The idea of a minimony isn’t to have your whole original guest list there. While that might be possible on Zoom, a minimony should be small and intimate, with just your absolute closest loved ones. Or, like an elopement, you can choose to keep this one private and celebrate your later wedding as the real thing. It is up to you!
What to wear to a minimony?
You could choose to wear what you planned to wear on the day if you have it! On the other hand, you may want to save your full wedding look for your sequel wedding. Do wear something special to honour the occasion.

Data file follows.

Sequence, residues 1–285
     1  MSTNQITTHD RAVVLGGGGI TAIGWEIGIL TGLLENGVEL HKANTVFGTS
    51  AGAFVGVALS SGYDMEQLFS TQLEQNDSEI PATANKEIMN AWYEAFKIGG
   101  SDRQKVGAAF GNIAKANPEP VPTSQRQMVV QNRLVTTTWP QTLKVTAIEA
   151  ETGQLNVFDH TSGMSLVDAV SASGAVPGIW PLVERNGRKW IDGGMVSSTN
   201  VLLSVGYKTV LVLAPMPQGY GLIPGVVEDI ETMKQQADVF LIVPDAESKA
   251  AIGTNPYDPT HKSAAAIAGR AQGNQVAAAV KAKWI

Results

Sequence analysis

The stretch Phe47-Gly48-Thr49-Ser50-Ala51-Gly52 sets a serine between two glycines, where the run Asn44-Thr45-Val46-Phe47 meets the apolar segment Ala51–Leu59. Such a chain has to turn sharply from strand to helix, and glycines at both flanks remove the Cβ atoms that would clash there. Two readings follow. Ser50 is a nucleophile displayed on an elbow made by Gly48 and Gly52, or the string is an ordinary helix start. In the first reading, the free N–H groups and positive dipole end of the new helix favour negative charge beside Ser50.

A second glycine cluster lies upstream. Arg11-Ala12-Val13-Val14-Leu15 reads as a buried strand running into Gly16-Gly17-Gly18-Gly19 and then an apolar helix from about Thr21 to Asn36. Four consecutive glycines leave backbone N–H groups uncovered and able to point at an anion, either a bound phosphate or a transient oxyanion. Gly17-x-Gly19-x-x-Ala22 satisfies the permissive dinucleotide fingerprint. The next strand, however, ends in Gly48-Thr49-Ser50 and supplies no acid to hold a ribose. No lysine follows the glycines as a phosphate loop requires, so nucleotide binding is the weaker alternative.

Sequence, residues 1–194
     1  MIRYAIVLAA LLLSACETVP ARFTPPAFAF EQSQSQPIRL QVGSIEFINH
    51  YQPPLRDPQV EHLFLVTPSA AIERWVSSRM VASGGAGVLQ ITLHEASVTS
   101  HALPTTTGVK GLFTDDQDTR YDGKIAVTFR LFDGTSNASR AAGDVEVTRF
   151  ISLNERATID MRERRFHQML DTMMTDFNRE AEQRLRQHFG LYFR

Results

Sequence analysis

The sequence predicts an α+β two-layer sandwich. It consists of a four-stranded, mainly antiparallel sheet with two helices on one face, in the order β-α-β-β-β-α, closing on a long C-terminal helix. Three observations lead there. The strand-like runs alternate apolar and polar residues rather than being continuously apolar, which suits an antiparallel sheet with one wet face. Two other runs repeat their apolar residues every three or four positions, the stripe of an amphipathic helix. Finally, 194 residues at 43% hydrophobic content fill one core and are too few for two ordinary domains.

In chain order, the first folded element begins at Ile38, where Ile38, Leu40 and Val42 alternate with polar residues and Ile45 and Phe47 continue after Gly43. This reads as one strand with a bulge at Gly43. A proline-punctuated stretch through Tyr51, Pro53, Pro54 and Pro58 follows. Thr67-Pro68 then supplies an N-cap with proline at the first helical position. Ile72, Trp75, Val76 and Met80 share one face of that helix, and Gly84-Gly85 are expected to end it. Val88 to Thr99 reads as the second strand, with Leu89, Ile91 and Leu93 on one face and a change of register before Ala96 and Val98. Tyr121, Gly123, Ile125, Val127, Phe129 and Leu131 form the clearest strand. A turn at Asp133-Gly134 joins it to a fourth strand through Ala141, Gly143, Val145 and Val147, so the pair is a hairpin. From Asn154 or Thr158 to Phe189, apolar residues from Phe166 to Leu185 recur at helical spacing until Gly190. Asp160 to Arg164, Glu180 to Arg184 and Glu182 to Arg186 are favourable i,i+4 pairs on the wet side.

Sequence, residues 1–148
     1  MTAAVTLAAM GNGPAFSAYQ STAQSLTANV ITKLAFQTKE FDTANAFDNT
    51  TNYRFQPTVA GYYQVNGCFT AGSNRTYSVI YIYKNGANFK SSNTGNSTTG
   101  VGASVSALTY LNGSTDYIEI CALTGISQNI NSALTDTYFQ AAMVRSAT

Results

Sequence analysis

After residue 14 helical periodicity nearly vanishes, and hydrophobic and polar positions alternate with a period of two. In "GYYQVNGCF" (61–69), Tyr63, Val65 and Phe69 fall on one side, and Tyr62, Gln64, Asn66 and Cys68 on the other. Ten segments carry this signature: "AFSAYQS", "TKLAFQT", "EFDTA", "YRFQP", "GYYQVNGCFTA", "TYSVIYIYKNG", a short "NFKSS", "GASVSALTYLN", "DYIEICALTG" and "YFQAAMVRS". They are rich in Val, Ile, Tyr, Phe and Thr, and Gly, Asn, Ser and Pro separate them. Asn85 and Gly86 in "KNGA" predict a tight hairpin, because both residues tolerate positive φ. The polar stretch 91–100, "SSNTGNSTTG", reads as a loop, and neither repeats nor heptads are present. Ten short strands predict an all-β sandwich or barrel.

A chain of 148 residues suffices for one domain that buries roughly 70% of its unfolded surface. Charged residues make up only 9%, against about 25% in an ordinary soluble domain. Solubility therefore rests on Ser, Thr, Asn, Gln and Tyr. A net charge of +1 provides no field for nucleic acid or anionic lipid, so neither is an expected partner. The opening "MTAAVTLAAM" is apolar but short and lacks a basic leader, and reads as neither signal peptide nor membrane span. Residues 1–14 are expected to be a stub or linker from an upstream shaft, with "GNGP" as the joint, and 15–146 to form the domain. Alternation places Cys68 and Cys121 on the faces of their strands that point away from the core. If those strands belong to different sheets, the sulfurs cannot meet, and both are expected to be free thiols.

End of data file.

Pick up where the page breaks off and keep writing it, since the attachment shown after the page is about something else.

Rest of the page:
Should suppliers be included in a minimony?
You’ve probably been working with your suppliers for months, so why not include them in your minimony, too? For example, ask your florist if they would be willing to make a small version of your bouquet for you or have a mini-version of your wedding cake
Even though this isn’t the big ceremony, you should still capture the special moments of the day. You will cherish these photos forever so it’s best to get a professional in. As long as you’re maintaining social distancing, it’s fine for your photographer to join you and get some wonderful snaps.
In the end, the decision is whatever best reflects you as a couple. If you want to have a minimony first followed by a sequel wedding and your dream party with your loved ones, great! On the other hand, if an elopement sounds like a better fit, then it’s a great way to remember your wedding day in a way that was yours.